John McIntyre, whom James Wolcott calls "the Dave Brubeck of the art and craft of copy editing," writes on language, editing, journalism, and other manifestations of human frailty. Comments welcome. Identifying his errors relieves him of the burden of omniscience. Write to email@example.com, befriend at Facebook, or follow at Twitter: @johnemcintyre. Back 2009-2012 at the original site, http://weblogs.baltimoresun.com/news/mcintyre/blog/ and now at www.baltimoresun.com/news/language-blog/.
Friday, May 1, 2009
Far from a bunch of creaky old grammar carpers in green eyeshades and sleeve garters, the members are increasingly savvy about electronics. Anyone unable to attend can follow the conference on a Web page or through Twitter.
They are a doughty bunch. About 250 of them showed up this year, I suspect mostly at their own expense, for a comprehensive and concentrated training in the craft. You cannot match the range of expertise anywhere else. And they are doing this in the middle of a recession, with the faltering newspaper industry discarding their members like desperate mariners heaving the cargo overboard.
Twelve years ago, I was at the first national conference, at the University of North Carolina at Chapel Hill. Copy editors at that time were, in addition to being anonymous, frequently disregarded and often scorned in their workplaces. Thanks to the founders, Pam Robinson and Hank Glamann, and to the support of some influential figures among the nation’s editors, copy editors found a voice and a platform.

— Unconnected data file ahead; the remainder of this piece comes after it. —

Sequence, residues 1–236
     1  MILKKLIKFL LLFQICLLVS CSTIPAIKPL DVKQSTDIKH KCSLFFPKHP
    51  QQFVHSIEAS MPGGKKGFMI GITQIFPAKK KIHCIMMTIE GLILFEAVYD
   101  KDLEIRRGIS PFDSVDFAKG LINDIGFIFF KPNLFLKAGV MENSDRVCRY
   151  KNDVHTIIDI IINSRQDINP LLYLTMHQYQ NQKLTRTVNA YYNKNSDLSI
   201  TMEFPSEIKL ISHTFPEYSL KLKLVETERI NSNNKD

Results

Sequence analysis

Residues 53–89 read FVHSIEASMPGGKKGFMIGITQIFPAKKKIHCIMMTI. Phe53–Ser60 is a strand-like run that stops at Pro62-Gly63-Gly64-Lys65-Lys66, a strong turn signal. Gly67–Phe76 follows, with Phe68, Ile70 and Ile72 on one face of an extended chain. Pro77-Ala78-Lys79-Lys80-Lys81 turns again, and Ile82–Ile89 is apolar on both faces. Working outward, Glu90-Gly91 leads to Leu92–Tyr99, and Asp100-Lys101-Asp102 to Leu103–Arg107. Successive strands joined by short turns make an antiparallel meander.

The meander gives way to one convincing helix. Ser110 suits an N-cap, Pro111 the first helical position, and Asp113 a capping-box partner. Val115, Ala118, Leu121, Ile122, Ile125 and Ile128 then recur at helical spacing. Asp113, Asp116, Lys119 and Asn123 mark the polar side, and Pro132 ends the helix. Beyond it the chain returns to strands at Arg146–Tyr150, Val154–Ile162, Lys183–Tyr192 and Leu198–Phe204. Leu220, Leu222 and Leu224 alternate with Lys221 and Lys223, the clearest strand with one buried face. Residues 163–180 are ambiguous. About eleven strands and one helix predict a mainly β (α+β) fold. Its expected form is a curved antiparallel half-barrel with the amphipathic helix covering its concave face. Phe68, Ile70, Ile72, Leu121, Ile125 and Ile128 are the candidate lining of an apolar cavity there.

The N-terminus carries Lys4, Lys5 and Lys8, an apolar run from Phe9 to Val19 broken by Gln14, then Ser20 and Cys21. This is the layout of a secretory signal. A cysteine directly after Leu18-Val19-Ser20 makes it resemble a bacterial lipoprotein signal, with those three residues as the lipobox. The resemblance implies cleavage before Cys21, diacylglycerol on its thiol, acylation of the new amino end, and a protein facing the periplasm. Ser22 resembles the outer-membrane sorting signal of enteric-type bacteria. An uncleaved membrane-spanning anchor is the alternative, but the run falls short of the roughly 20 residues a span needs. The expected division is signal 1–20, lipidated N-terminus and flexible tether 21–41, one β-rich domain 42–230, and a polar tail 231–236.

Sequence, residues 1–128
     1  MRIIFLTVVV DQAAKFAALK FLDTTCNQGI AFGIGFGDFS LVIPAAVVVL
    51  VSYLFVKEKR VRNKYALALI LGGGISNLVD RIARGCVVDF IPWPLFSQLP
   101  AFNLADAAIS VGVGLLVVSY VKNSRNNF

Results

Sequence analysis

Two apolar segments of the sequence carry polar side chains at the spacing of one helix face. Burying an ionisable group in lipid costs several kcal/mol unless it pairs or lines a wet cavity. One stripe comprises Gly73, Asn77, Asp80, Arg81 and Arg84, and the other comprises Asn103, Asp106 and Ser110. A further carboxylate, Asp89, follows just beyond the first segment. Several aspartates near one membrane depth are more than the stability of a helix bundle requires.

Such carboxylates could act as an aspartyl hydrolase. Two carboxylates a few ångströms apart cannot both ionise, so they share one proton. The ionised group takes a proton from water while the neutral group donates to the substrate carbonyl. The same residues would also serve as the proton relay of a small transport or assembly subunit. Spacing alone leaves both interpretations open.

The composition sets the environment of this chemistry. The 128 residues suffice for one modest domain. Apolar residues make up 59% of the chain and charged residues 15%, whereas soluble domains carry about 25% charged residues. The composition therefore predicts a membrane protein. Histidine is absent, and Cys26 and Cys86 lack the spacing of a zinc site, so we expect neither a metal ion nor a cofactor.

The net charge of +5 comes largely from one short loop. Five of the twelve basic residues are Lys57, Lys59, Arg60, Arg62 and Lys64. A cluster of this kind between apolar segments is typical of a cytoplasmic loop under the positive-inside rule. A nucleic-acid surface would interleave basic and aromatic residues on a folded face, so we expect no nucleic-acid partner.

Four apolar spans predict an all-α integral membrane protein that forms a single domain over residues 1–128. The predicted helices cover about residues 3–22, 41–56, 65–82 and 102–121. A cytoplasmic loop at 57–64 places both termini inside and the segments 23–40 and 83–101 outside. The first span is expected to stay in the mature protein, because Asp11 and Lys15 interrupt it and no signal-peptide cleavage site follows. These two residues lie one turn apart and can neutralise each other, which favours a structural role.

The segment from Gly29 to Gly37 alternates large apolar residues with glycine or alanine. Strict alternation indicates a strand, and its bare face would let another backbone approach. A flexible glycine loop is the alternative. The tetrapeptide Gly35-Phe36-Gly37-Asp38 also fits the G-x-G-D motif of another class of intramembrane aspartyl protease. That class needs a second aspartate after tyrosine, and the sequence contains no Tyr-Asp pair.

The collegiality, the training, and the morale-building provided by this organization have helped to improve the level of editing at newspapers, magazines, and electronic sites.* It is a bitter irony that just as copy editing was beginning to come into its own, larger forces have questioned the utility and value of editing at all.
I know from thirty years of experience that writers, even the best ones, benefit from editing — need the perspective of that independent set of eyes on their work. And they are getting less and less of that benefit every day, to their cost and to yours, readers.
Newspapers organizations — print-electronic hybrids — are struggling to find a model that will sustain them. Electronic-only journalism is in flux. Organizations like ACES will have to find the means to sustain their mission, and nothing is certain for them. It is not a hospitable landscape.
But for today, and tomorrow, in Minneapolis, two hundred and fifty editors, among them people I have known and respected over the years, are fighting the good fight. I invite you to read what my colleague and friend David Sullivan has to say about this gathering.
And, from a distance, I urge them: Keep the faith.
*As the observant may have noticed in this paragraph, now that I am free of the shackles of Associated Press style, I am reverting to the Oxford comma.